About my typing—First—I cannot tell a lie! I am not a typist. I use from 1 to 5 fingers & although I can manage & do help Big Fred with his business affairs, what it takes me 1 hr. to do would probably take someone with the Know How—15 minutes—Seriously, I do not have the time nor the will to learn professionally. But I think it is wonderful how you have stuck with it and become such an excellent typist. I do believe we all were very adaptable (Jimmy, Fern, you and myself) & we had all been blessed with a basic flair for the artistic—among other things. Even Mother & Dad were artistic.

  I truthfully feel none of us have anyone to blame for whatever we have done with our own personal lives. It has been proven that at the age of 7 most of us have reached the age of reason—which means we do, at this age, understand & know the difference between right & wrong. Of course—environment plays an awfully important part in our lives such as the Convent in mine & in my case I am grateful for that influence. In Jimmy’s case—he was the strongest of us all. I remember how he worked & went to school when there was no one to tell him & it was his own WILL to make something of himself. We will never know the reasons for what eventually happened, why he did what he did, but I still hurt thinking of it. It was such a waste. But we have very little control over our human weaknesses, & this applies also to Fern & the hundreds of thousands of other people including ourselves—for we all have weaknesses. In your case—I don’t know what your weakness is but I do feel—IT IS NO SHAME TO HAVE A DIRTY FACE—THE SHAME COMES WHEN YOU KEEP IT DIRTY.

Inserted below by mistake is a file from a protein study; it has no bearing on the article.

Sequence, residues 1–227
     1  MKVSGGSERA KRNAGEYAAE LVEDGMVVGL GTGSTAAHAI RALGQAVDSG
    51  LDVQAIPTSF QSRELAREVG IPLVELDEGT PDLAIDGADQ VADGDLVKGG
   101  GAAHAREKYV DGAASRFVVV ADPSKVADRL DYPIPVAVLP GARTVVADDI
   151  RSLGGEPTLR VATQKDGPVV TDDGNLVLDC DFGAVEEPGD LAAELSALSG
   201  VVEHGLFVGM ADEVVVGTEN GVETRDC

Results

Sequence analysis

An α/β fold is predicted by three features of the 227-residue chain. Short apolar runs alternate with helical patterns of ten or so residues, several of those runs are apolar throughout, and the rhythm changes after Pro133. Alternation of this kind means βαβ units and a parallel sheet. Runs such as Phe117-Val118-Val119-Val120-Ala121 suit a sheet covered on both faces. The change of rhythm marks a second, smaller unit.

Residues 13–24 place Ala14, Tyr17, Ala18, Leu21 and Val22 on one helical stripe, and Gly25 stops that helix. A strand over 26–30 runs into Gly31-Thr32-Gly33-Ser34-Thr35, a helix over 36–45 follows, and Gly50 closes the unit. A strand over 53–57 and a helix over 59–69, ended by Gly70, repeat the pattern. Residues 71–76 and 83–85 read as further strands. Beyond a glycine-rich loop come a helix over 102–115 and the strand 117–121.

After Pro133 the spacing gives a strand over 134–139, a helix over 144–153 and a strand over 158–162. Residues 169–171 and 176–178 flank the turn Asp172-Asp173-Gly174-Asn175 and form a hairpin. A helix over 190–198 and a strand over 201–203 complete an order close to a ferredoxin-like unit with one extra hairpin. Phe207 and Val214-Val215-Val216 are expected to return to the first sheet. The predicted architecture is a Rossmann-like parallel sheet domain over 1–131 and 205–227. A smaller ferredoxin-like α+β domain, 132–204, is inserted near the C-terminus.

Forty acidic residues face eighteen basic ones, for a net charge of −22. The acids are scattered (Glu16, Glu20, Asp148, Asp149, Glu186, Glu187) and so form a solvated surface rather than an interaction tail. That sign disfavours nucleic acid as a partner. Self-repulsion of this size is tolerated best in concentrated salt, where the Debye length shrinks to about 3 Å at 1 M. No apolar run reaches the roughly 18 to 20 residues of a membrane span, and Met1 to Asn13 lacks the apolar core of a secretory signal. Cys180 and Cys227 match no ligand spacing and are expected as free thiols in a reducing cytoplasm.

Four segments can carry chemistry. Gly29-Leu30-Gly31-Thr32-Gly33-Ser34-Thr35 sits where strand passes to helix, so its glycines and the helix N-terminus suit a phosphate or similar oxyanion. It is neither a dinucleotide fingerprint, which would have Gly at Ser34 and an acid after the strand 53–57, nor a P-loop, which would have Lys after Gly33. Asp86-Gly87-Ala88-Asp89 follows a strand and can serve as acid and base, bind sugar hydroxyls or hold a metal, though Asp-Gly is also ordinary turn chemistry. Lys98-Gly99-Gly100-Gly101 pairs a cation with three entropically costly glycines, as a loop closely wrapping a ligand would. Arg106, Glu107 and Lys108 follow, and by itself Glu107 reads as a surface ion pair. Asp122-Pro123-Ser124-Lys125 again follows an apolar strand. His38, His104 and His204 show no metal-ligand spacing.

In all truthfulness & with love for you Perry, for you are my only living brother and the uncle of my children, I cannot say or feel your attitude towards our father or your imprisonment JUST or healthy. If you are getting your back up—better simmer down as I realize there are none of us who take criticism cheerfully & it is natural to feel a certain amount of resentment towards the one giving this criticism so I am prepared for one or two things—a) Not to hear from you at all, or b) a letter telling me exactly what you think of me.

  I hope I’m wrong & I sincerely hope you will give this letter a lot of thought & try to see—how someone else feels. Please understand I know I am not an authority & I do not boast great intelligence or education but I do believe I am a normal individual with basic reasoning powers & the will to live my life according to the laws of God & Man. It is also true that I have “fallen” at times, as is normal—for as I said I am human & therefore I too have human weaknesses but the point is, again, There is no shame—having a dirty face—the shame comes when you keep it dirty. No one is more aware of my shortcomings and mistakes than myself so I won’t bore you further.